Solar storms are a collection of disturbances on the sun that influence space weather. They include things like solar flares and coronal mass ejections (CMEs), a large release of plasma in the solar wind. They can affect Earth in a number of ways, such as by increasing the number of particles that hit the Earth's magnetic field causing an aurora or — in severe cases — by disrupting technology and radio transmissions.
Most of the time, scientists can see storms as they occur on the sun. Information about the impact on Earth can be gathered a few days before it is likely to reach us. However, in as many as 20 percent of CMEs, there is little to no noticeable activity on the sun to give us an early warning. These "stealth" CMEs can have a huge impact on space weather but have proven difficult to spot until they have nearly arrived.
Luckily, a new study published in Frontiers in Astronomy and Space Sciences reports on new ways to detect so-called stealth solar storms long before they hit Earth.
The benefits of looking at the Sun
Unlike regular CMEs, stealth CMEs do not tend to give typical warning signs like clear dimming or brightening of the surface of the sun. Instead, they seem to form in a higher region of the sun's atmosphere called the corona than is typical. Unfortunately, watching for changes in the corona does not always give scientists the information they need to predict where a mass of plasma is moving.
In this study, the researchers took advantage of knowing the approximate origins of four stealth CMEs that were determined by data collected from Earth and the STEREO satellite, which was at a different angle with respect to the sun. The four CMEs differed in angle and intensity and occurred at different points in the solar cycle.
By using different imaging processes, subtle shifts in the upper corona were identified in each of the four cases examined. Most of the events also originated near areas with particularly strong magnetic fields.
The authors suggest that the small brightening and dimming effects they observed could be used to detect these CMEs in the future using similar methods. While they admit that the study does not provide a way to detect these CMEs before they form, they conclude that "identifying the source region of a stealth CME represents a first step toward providing more reliable predictions."
A bad day for Earth
Solar storms are not merely of academic interest. Large storms have occurred before, and the damage they can cause is potentially devastating. A strong solar storm in 1989 caused blackouts in Quebec and disrupted broadcasts of Radio Free Europe. That storm has nothing on the "Carrington Event" of 1859, however.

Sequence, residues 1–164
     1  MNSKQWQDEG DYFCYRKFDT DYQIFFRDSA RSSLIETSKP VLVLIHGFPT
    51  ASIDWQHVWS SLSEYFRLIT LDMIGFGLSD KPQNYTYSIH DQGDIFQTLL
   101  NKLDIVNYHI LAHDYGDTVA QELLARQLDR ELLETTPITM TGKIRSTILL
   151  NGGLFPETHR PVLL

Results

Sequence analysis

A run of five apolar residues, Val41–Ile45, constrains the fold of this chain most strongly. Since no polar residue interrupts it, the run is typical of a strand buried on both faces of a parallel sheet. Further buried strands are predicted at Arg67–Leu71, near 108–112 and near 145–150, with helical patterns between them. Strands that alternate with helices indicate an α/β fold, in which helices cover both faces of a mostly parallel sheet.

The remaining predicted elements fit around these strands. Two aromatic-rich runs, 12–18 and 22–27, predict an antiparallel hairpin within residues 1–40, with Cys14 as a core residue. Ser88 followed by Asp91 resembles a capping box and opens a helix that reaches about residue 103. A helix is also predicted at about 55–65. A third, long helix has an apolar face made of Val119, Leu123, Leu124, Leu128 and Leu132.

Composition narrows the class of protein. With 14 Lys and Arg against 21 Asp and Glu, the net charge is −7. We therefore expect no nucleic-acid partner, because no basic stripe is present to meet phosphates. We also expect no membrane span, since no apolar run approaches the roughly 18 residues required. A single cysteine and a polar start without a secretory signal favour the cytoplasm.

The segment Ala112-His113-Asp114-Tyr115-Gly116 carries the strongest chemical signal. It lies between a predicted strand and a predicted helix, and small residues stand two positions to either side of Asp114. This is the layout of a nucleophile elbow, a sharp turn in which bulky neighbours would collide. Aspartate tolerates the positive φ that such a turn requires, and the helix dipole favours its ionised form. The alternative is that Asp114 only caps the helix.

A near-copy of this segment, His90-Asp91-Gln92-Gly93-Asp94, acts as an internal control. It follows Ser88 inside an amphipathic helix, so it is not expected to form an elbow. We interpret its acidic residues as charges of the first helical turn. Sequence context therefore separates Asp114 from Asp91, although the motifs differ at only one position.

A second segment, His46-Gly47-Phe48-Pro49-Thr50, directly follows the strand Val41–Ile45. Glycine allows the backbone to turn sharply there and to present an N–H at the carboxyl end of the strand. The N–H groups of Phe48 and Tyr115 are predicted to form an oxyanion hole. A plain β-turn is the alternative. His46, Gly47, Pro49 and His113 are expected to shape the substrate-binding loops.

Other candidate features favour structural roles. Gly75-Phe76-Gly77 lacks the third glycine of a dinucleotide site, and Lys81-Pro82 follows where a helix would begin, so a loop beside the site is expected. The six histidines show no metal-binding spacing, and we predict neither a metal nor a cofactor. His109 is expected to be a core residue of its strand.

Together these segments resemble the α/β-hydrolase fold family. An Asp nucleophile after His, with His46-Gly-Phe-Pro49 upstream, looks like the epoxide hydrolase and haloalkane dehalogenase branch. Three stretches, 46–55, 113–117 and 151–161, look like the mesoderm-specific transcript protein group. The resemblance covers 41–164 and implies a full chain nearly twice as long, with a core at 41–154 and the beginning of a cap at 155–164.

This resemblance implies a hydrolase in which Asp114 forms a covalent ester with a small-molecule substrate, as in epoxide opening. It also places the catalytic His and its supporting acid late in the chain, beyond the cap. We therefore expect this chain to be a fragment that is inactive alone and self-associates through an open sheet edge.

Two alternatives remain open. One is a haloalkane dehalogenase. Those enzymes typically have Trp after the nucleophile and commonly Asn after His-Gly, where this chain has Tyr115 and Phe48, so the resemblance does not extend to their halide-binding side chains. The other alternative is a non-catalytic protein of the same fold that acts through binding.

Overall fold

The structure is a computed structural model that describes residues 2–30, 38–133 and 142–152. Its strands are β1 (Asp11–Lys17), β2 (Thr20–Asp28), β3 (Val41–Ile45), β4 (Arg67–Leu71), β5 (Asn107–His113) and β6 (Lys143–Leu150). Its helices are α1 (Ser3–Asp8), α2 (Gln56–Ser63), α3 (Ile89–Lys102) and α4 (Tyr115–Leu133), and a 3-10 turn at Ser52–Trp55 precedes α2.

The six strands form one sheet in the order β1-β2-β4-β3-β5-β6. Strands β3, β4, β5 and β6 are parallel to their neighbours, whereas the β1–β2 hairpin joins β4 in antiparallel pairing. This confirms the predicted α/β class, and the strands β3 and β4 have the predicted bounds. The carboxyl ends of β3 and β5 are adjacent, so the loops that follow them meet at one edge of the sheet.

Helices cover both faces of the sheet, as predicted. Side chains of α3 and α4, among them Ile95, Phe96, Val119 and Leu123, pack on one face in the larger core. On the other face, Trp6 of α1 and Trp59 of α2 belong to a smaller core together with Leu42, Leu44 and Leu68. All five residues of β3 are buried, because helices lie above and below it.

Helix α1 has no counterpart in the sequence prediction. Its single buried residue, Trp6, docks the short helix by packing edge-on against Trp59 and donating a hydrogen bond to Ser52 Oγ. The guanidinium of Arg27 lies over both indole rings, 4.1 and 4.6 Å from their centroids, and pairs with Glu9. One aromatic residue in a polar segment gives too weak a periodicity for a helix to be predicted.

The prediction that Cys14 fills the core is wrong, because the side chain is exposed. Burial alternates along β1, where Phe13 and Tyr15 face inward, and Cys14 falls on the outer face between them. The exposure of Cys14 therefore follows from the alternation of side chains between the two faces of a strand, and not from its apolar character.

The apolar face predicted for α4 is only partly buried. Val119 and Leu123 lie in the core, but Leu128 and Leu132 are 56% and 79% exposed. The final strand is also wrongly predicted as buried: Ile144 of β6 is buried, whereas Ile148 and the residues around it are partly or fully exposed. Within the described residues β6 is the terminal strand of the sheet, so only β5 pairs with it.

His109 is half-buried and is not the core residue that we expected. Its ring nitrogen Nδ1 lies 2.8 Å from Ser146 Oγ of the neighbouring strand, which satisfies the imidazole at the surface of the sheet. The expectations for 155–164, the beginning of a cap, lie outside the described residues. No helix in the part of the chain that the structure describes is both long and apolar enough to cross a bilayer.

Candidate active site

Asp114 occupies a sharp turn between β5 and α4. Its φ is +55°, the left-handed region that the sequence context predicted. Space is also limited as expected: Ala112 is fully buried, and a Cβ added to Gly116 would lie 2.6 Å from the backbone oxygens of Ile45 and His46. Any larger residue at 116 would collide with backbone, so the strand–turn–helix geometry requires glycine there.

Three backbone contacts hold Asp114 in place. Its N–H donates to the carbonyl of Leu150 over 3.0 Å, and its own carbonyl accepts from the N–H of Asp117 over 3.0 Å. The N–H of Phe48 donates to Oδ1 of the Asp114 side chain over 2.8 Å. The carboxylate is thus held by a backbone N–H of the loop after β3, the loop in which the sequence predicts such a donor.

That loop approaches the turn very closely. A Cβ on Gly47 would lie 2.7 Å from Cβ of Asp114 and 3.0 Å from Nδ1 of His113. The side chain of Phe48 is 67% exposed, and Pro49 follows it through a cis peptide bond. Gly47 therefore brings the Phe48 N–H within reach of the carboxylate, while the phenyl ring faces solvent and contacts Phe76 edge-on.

That solar storm was incredibly powerful, producing auroras visible in places like Queensland, Australia and the Caribbean. The auroras over New England were so bright that the residents could read newspapers by their light. Telegraph systems fried as a result of the huge amount of electromagnetic energy added to the Earth's magnetosphere, occasionally starting fires as they spontaneously sparked. Some telegraph operators reported being able to operate their machines without connecting them to wires.
A storm estimated to be just as powerful as the Carrington Event occurred in 2012, but the plasma it ejected narrowly missed Earth. According to a study by the National Academy of Sciences, the total cost of such an event to the United States today could be more than two trillion dollars. It would also cause damage that could take years to fully repair. It goes without saying that having large portions of our electric systems and technology fried with little time to prepare might also make things unpleasant for a lot of people.
Smaller storms hit Earth once every three years, often causing damage to systems that use electricity. Larger events are rarer, but not as rare as we would hope. A study from a few years ago calculated that the odds of a Carrington level event occurring is 12 percent per decade.
May the odds be in our favor
With odds and consequences like that, the ability to see a "stealth" solar storm coming might prove to be one of the most important tools humanity ever discovered.
Given enough warning, precautions can be taken to help minimize the damage to electronics from a large solar storm. For example, satellites can be moved out of harm's way, power grids can be primed to avoid being overloaded, and transformers can be taken offline to keep them from being destroyed.
If we fail to see the next Carrington Event coming, it might be a while before you can read the article we'll write about it.